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The Well of Loneliness

Banned for 20yrs when first published in England, and only seeing the light of day after a court case in America, it was a scandal for featuring a lesbian protagonist - the first time in literature.

Apple of her father's eye, who dotes on her and sees a masculine name no obstacle, the growing girl named Stephen finds her place in the world is met by prejudice and misunderstanding.

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Reviews

  1. Extremely well written romantic tragedy
    /melanie b.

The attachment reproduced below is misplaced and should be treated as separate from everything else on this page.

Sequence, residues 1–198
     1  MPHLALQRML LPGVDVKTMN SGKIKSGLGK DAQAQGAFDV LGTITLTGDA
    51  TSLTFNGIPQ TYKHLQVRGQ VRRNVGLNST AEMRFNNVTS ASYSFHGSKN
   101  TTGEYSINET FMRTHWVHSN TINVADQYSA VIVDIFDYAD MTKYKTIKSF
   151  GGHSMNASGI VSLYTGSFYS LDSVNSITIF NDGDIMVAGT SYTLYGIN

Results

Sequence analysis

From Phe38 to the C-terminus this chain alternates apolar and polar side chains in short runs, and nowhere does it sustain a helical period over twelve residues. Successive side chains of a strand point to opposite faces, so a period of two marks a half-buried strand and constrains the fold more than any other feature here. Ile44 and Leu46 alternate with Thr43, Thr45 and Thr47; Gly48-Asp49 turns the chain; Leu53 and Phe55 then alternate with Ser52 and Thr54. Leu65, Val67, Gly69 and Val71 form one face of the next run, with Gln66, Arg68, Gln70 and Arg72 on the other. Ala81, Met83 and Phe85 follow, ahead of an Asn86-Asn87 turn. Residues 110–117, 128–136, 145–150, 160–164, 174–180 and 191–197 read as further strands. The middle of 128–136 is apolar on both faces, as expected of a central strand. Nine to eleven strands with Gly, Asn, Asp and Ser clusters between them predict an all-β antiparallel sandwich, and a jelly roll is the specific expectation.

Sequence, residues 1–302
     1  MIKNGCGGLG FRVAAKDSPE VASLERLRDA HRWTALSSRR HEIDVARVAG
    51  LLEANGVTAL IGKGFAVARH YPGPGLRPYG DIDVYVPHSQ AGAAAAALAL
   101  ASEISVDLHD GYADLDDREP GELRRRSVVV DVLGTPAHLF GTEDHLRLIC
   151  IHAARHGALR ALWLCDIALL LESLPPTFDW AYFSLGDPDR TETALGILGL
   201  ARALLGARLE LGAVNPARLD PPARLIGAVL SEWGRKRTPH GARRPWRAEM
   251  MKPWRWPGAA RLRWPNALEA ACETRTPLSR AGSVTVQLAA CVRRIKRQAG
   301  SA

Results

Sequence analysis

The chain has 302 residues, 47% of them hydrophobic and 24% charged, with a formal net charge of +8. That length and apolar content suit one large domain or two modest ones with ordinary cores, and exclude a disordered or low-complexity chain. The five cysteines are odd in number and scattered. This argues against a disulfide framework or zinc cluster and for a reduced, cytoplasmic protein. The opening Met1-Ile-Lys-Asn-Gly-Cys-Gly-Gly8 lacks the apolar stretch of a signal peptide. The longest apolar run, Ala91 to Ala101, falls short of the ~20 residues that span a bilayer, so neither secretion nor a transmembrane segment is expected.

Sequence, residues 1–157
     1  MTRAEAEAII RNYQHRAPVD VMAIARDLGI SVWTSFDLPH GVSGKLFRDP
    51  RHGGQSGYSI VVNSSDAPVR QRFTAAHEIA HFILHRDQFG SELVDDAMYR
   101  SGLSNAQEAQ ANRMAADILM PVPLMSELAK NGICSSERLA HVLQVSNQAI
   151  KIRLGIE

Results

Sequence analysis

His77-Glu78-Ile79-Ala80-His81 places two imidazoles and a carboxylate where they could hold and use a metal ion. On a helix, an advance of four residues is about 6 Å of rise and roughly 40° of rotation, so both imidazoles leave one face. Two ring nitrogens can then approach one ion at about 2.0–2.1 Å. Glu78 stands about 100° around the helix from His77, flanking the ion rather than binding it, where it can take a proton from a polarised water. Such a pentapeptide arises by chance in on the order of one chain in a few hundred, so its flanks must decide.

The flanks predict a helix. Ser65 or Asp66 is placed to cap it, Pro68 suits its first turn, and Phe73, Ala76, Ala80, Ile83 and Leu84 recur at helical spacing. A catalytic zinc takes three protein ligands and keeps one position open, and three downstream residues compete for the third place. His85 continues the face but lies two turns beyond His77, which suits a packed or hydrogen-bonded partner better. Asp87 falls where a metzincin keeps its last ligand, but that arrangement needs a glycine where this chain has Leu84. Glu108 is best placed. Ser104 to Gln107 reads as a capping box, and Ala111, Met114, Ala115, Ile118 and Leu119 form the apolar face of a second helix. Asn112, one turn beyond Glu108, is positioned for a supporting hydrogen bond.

The first thing I noticed about Radclyffe Hall's "The Well of Loneliness," was the beautiful descriptive exposition. Before the novel delves too far into modernism, it is apparent that it is hedging out the Victorian. Descriptions of the English countryside, of London and of Paris are some of the finest written in English. Not only this but the painstaking care the Hall takes to describe her characters, though even Stephen remains a bit fuzzy to me, are lovely and purposeful. Her sense of loss, loneliness and love are extremely powerful and extremely well conveyed. That being said, the bravery it took to write the first English- language novel that addressed "invertedness," in Stephen's case butch-lesbian identity and, overall, homosexuality, is incredible. It is hard to be absolutely disappointed with the author for the ending of the novel, particularly since it seems to be semi-authobiographic. Given the time period, the ending was likely collateral in exchange for being published. Without giving it away, I'll simply add that I felt sad for the world and defiant, and these not unexpected emotions after a 500 page journey that included happiness and hope, depseration and anxiety. To be cliche, it reminds one of how far we've come with civil rights and yet how very far we still must go. Like some of fellow modernist writer Fitzgerald's characters, Hall's character is wealthy and priveledged and yet likeable. One is inclined to empathize with her situation at most points, and when not, it is easy to become enraged at the world and not Stephen.